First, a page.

Presentation on theme: "The Hare and The Tortoise Originally told by Aesop."— Presentation transcript:
The Hare and The Tortoise Originally told by Aesop
Tier 1 Story Jacob’s Ladder Goals & Objectives Habits of Mind
The Hare was once boasting of his speed before the other animals. "I have never yet been beaten," said he, "when I put forth my full speed. I challenge any one here to race with me." The Tortoise said quietly, "I accept your challenge." "That is a good joke," said the Hare; "I could dance round you all the way." "Keep your boasting till you've won," answered the Tortoise. "Shall we race?" So a course was fixed and a start was made. The Hare darted almost out of sight at once, but soon stopped and, to show his contempt for the Tortoise, lay down to have a nap. The Tortoise plodded on and plodded on, and when the Hare awoke from his nap, he saw the Tortoise just near the winning- post and could not run up in time to save the race. Then the Tortoise said: "Slow but steady progress wins the race."
Students will be able: Ladder B B1: Details - To list specific details or recall facts related to the text or generate a list of ideas about a specific topic or character. B2: Classifications - To categorize different aspects of the text or identify and sort categories from a list of topics or details. B3: Generalizations - To make general statements about a reading and/or idea within the reading, using data to support their statements. Ladder C C1: Literary Elements-To identify and explain specific story elements. C2 : Inference—To use textual clues to read between the lines and make judgments about specific textual events, ideas, or character analysis. C3: Theme and Concept—To identify a major theme or ideas common throughout the text. F1: Understanding Words – to identify and explain the meaning of figurative language or new vocabulary within the context of a story or poem. F2: Thinking About Words – to analyze the use of words within the context as related to the theme of a text. F3: Playing With Words – to accurately apply figurative language and new vocabulary to newly created contexts.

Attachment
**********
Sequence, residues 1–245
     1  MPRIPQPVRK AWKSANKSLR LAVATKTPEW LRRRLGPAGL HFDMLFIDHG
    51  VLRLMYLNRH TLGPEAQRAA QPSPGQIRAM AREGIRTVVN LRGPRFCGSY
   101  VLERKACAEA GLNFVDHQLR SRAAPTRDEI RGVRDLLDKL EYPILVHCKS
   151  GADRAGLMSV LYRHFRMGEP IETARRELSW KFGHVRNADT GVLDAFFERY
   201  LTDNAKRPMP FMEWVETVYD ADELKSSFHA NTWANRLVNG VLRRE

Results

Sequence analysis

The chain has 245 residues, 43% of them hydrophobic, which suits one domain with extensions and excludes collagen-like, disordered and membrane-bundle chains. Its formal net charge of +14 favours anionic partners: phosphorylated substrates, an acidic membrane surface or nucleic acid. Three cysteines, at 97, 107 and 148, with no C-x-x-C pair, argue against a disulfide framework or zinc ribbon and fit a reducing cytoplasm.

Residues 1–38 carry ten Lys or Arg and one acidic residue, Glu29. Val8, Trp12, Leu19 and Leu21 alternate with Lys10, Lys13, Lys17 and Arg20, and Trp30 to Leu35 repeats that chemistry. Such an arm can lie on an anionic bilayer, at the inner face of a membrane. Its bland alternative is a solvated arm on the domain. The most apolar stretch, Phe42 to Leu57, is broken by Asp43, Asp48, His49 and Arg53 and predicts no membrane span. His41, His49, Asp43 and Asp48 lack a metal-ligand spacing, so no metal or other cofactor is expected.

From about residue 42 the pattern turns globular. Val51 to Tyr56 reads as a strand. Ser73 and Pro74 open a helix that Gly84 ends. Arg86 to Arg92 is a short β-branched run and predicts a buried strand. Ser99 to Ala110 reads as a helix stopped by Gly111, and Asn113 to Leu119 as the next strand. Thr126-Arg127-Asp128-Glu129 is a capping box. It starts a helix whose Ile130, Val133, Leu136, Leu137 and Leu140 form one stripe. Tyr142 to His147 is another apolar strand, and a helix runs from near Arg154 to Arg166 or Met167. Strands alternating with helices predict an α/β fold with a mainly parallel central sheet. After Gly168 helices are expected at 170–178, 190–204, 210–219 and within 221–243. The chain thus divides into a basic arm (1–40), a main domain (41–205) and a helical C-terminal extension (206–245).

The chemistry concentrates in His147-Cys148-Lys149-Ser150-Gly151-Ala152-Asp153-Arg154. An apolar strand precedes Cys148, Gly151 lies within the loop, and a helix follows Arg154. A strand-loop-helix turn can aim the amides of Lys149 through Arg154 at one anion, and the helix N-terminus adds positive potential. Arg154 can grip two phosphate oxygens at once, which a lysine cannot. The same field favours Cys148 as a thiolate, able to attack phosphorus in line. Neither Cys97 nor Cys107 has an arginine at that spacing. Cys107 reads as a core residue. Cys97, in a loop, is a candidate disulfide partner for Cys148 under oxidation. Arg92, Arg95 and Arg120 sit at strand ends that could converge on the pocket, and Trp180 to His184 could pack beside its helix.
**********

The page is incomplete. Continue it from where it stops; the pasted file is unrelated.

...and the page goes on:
Habits of Mind Working Interdependently Thinking about Thinking (metacognition) Innovating, Creating, Imagining Refer to Jacob’s Ladder Story Table for Ladder B, C & F Thinking Questions.
Tier 2 Rigor (Discussion) High Level Strategies with Ladder B & C Questions
Discussion Strategies: Think-Pair-Share, Write-around, Sequencing pictures, Commercial role playing Choose 2 of 3 questions below to complete. B1: In this fable, the turtle won by being persistent. How can you prioritize as many qualities as you can that help you win? B2: Classify all the words used in B1 into three or more categories. C2: What do you think makes this fable unusual or unexpected? Support your answer with examples from the story.
Tier 3 Rigor (Discussion) High Level Strategies with Ladder B & C Questions
Discussion Strategies: Think-Pair-Share, Write-around; role play. Choose 2 of 3 questions below to complete. B3: Based on what you know about qualities that help you win what two statements can you write that are true about all winners. C1: Compare and contrast the hare and the tortoise. Print out the Venn diagram on last slide. C3: Why do you think the tortoise made the statement: “Slow but steady progress wins the race”? Defend your answer with story examples or your own personal experience.
Choose one of the writing ideas to complete. Be creative. 1.Plan a new ending for the story. Include 4 different settings in your new ending. Produce a wordless book or strategy of your choice to retell the story ending. 2. Draw a model of the racecourse on a 11” x 18” piece of construction paper. Discuss different symbols you might use. A red star might show the starting spot. A green triangle is the tree where the hare stopped. Glue a small picture of the hare on a paper clip and do the same with the tortoise. Generate a Hare and Tortoise game. S uggested project strategies: Create a puppet show; Design a poster, flyer, brochure; Make wordless books